Tom Wright, Head of Digital Engagement at NDL, discusses the various ways in which technology can improve the hospital food ordering system
“In the 2020 Independent Review of NHS Hospital Food, Prue Leith, who led the review, recommended that digital meal ordering solutions should be implemented in hospitals by 2022. Utilising technology in patient meal ordering would, in turn, allow staff hours to be used more efficiently, reduce food and paper waste and – crucially – increase patient satisfaction.
Demonstrating it is a step-ahead of the curve, University Hospitals of Morecambe Bay NHS Foundation Trusts (UHMBFT) adopted this system back in 2017. Following the digitalisation of its patient meal ordering service, the Trust has halved its previous food waste – an estimated saving of £26,000. It also reduced printing costs by £190,000 annually, replacing the 400 pieces of paper previously used on a ward each day, with a single electronic screen.
The Patient Meal Choices App
The new program, named The Patient Meal Choices App, integrates with the Electronic Patient Record (EPR) and Bed Management system, allowing any changes of bed location to be tracked throughout a patient’s hospital stay. Meals can now be cancelled or adjusted as their circumstances require, in response to their hospital journey. Once an order is placed, the kitchen is automatically updated with a new tally on its display screens, allowing catering staff to see the live status of meal orders.
UHMBFT serves close to a million meals across its 32 wards annually and previously used a printed paper system to collect meal orders for the following day from their patients. Completed cards would be collected, delivered to the hospital kitchen, and manually processed before service. Specialist orders would also be flagged manually for a separate chef to prepare. The overall process would take an average of 2 hours per meal. In the interim, patients may have been discharged or transferred between wards and food that they had ordered the previous day would subsequently go to waste. This resulted in over £1,000 of food waste weekly.
Identifying that the service could be improved through digitalisation, the Trust opted to build a native mobile app that can be used on any mobile device with or without signal, with information captured and shared in real-time interdepartmentally.
Working closely with NDL Software, the Trust used an existing ‘MX’ mobile app template from its suite of digital transformation tools, available to the NDL community. Having already used the ‘MX’ app template across other projects, the Trust already knew how easy and adaptable the process was. NDL’s low-code tool allowed them to build an app which incorporated the whole meal-ordering process, inviting the catering and IT team to build something specific and beneficial for all involved.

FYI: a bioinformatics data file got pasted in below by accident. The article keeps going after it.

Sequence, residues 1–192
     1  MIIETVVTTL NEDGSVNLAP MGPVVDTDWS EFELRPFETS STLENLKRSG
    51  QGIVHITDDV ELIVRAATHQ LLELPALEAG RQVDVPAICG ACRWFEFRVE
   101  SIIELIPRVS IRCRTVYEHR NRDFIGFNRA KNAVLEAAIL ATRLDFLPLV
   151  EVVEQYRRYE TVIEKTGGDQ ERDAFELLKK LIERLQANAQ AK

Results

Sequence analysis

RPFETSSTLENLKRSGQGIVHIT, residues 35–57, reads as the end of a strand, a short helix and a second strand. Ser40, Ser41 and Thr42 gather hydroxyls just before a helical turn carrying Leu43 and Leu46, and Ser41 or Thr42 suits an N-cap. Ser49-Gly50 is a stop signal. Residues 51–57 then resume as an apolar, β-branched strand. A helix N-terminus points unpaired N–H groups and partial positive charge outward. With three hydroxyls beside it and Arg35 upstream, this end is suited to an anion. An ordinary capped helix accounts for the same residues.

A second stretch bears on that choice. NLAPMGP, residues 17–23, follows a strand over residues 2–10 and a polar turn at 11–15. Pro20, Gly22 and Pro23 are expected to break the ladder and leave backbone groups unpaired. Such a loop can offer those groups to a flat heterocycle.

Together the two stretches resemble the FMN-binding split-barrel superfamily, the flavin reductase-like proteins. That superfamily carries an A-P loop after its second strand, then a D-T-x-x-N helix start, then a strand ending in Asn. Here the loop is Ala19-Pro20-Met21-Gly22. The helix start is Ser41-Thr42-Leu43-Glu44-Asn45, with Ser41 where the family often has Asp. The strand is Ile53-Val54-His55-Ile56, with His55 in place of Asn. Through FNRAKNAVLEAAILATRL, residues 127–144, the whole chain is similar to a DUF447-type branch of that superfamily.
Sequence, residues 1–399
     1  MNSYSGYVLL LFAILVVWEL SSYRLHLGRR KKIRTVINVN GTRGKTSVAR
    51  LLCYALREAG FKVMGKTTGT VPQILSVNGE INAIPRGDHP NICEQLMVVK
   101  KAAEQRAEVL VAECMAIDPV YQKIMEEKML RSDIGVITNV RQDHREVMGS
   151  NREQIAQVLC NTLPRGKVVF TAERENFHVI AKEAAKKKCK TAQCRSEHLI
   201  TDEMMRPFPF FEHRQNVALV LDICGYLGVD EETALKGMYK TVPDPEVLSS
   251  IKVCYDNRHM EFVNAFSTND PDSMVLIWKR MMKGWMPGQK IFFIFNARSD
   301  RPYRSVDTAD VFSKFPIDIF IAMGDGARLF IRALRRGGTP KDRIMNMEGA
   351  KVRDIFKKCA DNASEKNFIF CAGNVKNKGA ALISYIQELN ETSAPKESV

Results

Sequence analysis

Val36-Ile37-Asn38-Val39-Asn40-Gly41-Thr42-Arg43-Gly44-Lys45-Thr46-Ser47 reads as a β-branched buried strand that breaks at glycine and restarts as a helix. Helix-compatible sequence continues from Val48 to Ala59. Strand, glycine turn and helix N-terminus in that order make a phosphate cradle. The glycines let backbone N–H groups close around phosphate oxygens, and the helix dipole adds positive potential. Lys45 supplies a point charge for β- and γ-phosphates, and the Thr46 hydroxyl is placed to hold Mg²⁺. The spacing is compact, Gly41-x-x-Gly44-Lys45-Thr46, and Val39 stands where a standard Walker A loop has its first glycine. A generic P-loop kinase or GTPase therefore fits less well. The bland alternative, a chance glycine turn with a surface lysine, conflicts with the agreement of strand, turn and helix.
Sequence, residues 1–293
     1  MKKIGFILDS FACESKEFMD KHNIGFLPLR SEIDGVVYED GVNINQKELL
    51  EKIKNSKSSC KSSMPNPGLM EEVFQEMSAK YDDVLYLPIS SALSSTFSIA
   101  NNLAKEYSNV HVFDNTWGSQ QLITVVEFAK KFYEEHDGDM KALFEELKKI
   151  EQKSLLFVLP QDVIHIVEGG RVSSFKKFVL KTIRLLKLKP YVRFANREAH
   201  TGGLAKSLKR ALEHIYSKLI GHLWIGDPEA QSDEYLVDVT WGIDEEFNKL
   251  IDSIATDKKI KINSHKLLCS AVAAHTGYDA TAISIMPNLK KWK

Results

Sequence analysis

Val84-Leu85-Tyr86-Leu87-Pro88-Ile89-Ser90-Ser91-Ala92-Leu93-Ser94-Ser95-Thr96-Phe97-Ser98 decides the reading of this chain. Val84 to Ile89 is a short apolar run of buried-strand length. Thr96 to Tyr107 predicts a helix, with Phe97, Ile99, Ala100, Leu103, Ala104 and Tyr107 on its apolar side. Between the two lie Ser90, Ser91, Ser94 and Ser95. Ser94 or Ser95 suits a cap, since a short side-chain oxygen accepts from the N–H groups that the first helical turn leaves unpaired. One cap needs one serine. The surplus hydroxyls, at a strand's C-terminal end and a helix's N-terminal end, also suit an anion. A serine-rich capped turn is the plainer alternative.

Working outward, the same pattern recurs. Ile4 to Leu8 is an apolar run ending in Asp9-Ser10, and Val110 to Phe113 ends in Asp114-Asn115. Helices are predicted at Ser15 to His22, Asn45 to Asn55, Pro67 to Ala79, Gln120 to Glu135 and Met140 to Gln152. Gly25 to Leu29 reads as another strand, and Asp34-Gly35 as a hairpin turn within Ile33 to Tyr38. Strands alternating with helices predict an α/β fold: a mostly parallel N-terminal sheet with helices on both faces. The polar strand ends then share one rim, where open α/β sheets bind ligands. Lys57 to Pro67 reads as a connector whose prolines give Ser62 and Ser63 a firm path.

With the initial trials and roll-out complete, work has begun on the second phase. Included in this is the incorporation of meal apps, in which dieticians are able to track a patient’s food and calorie intake. This can be used to aid in their recovery process. Additional features include monitoring which food is wasted, and which is most popular, allowing for improved and strategic menu planning and thus further reducing food waste and increasing financial savings.
Additionally, reducing the previously admin-heavy task means that now, nurse’s time can be better spent elsewhere. Patient meal satisfaction has significantly increased due to a reduction in the time between the ordering and the delivery of food. Further results find that without the hassle of delivering, chasing and writing the paper forms, clinicians’ time is used more efficiently, with an hour saved each day.
Healthcare Assistants now take patient meal orders on a digital tablet much closer to their mealtime. The digital process allows real-time updates on the patients, hugely improving communication between wards, kitchens, patients, and clinicians, who can update with dietary requirements, portion sizes and allergies as necessary.
Hospitals are constantly under pressure from all angles, with patient care as the core goal. The Patient Meal Choices App is a leading example of how technology can lend itself to running hospitals more efficiently, and overall improvement in patient satisfaction. Quick, easy and cost-effective to develop, it demonstrates a really positive role for technology in the care of those in need.
In light of the recent government guidance on digital meal ordering, UHMBFT sets a standard and allows us to reflect on the positive results at several stages ahead, both from a patient care and an environmental perspective. Already, it’s encouraging to see that more trusts are looking to implement similar systems.”
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